Admission to this course is restricted to MA students in Philosophy 60 EC, specialisation Philosophical Perspectives on Politics and the Economy.
Many of the most pressing challenges of our time are global. Examples include poverty, climate change, refugee crises, financial and economic crises, the rise of nationalist movements, and terrorism.
Most agree that these challenges require global solutions. But the quest for solutions is fraught with disagreement. Much disagreement is about what constitutes effective and efficient solutions. Thinking through such disagreement is primarily a task for the natural and social sciences. But, often, what on the surface seems to be a technical disagreement turns out, upon reflection, to stem from a deeper moral disagreement about the nature of the problem and the justice of the solutions. Thinking about the moral problems associated with these challenges is primarily a task for philosophy. Philosophy can help us make the underlying issues explicit; it can also help us in assessing the comparative moral desirability of the different solutions and the associated moral cost.
Contemporary political philosophy has for the most part focused on problems that arise within political communities such as nation-states. But the global challenges we face raise unique problems for our moral theories. And, over the past two decades or so philosophers have been dedicating sustained and increased attention to the implications that globalization has for political morality.
For example, take the problem of global poverty. Few will deny that global poverty is bad and that reducing the suffering is urgent. But who should bear the responsibility for alleviating the suffering? Are the global rich simply allowing suffering, or are they contributing to it? How should we think of responsibility for global harms? Another example is the question of citizenship. Does living in a globalizing society entail that we should become global citizens? And if so, how does this affect traditional modes of identity, agency and commitment rooted in local and national communities?
This course explores some of the key philosophical debates that deal with topical global challenges. It offers a critical analysis of topics such as responsibility for global harms, cultural diversity, citizenship and nationalism, sustainability and climate change, political activism, international relations theory.
Students who successfully complete this course will have a good understanding of :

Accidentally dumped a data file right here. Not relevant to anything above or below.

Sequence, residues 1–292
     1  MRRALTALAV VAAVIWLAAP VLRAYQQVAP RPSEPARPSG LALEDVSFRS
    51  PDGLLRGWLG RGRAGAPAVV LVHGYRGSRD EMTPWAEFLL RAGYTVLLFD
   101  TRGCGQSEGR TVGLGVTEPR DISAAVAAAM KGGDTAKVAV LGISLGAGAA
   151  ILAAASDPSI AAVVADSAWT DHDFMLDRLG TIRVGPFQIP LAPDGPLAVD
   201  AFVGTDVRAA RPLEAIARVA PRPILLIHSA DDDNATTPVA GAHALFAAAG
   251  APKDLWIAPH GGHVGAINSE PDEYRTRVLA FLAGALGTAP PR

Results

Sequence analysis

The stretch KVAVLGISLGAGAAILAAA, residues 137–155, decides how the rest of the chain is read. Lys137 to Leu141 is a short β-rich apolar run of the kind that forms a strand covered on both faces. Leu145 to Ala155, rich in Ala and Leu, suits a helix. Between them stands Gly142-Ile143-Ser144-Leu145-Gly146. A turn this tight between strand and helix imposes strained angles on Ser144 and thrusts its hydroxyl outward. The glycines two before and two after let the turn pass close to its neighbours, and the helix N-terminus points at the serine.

debates about particularism vs. universalism;
debates about distributing responsibility for harms;
debates about the importance of culture, and how to deal with cultural diversity;
debates in global justice.
Students who successfully complete this course will be able to:
synthesize the key argument and main disagreements as shown both in writing and oral presentations;
read and take position with regard to state-of the art scholarly literature in contemporary philosophical debates about identity, cultural diversity, responsibility and responsibility for global harms.
See: MA Philosophy 60 EC
Mode of instruction
Class attendance and active student participation is required.
Total course load 10 EC x 28 hours = 280 hours
Attending seminars (13 weeks x 3 hrs): 39 hours
Preparation seminars / assignments: 24 hours
Study of compulsory literature:120 hours
Writing of paper: 97 hours
(Short) mid-term paper (20%)
Class presentation (15%)
Class Participation (5%)
Final paper (60%)
Note: attendance is required – without sufficient attendance students will be excluded from submitting a final paper and will have no access to the resit.
The final mark for the course is established by determination of the weighted average of several subtests. A subtest can be graded as unsatisfactory.
The resit will consist of a written final paper, which will have to be defended in an oral exam. The the mark will replace all previously earned marks for subtests. No separate resits will be offered for mid-term tests.
Students who have obtained a satisfactory grade for the first examination(s) cannot take the resit.
How and when an exam review will take place will be disclosed together with the publication of the exam results at the latest. If a student requests a review within 30 days after publication of the exam results, an exam review will have to be organized.
Blackboard will be used for:
announcement of our presentation schedule
announcements re. planning
Readings will be made available at the start of the course.
Students are strongly advised to register in uSis through the activity number, which can be found in the timetables for courses and exams.
Registration Studeren à la carte and Contractonderwijs